The growing rebellion against cumbersome type systems
08 October 2014
During a keynote that was way to short for him to decently develop his ideas, Rob Pike puts the finger on some of the things that hurt us developers.
It can be summarized with the following bullet points:
- The languages mainly used today are verbous, noisy and complex.
- His personal analysis shows us how we got there. C became dominant in reasearch field on Unix. The need for higher level constructs lead to C++, a poor choice but with the advantage of compatibility with C.
- C++ became the language of choice in parts of industry and research. Java came as a clearer, simplified version of C++.
- In the late 1990's, Java took its place as a standard language for teaching.
- Programming has become too complicated and hard to use. Like in a bureaucracy, every step must be justified. Replication became a placeholder for safety.
- A confusion arose. The world has split into a false dichotomy: nice, interpreted, dynamic versus ugly, compiled, static.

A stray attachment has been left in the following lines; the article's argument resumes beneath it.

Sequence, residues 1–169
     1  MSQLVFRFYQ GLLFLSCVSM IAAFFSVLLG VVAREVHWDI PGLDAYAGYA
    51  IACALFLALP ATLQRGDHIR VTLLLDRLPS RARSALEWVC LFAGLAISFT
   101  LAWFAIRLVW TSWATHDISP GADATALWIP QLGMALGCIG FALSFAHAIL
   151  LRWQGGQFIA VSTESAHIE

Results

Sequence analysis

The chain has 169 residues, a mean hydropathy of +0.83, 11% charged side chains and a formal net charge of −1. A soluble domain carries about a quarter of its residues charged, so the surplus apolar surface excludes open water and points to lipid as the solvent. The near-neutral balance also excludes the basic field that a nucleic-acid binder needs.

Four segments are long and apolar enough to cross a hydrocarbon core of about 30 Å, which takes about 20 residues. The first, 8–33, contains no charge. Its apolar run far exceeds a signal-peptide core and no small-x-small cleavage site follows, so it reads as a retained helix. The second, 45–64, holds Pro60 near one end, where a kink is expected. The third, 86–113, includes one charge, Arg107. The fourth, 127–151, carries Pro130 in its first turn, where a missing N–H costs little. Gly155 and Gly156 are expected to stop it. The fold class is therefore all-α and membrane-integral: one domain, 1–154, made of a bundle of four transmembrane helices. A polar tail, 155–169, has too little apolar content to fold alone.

- Go tends to combine the safety and the performance of statically typed languages with the expressiveness and comodity of dynamically typed and interpreted languages. It also aims at being suitable for modern systems.
You may of course disagree with Rob Pike's views but I can certainly relate to them. There are so many good tools out there. Don't accept the status-quo only because it is more comfortable. Don't dwell on the same tech stack only because it works although it hurts your productivity. Join the rebellion, free yourself from the past and break the vicious circle.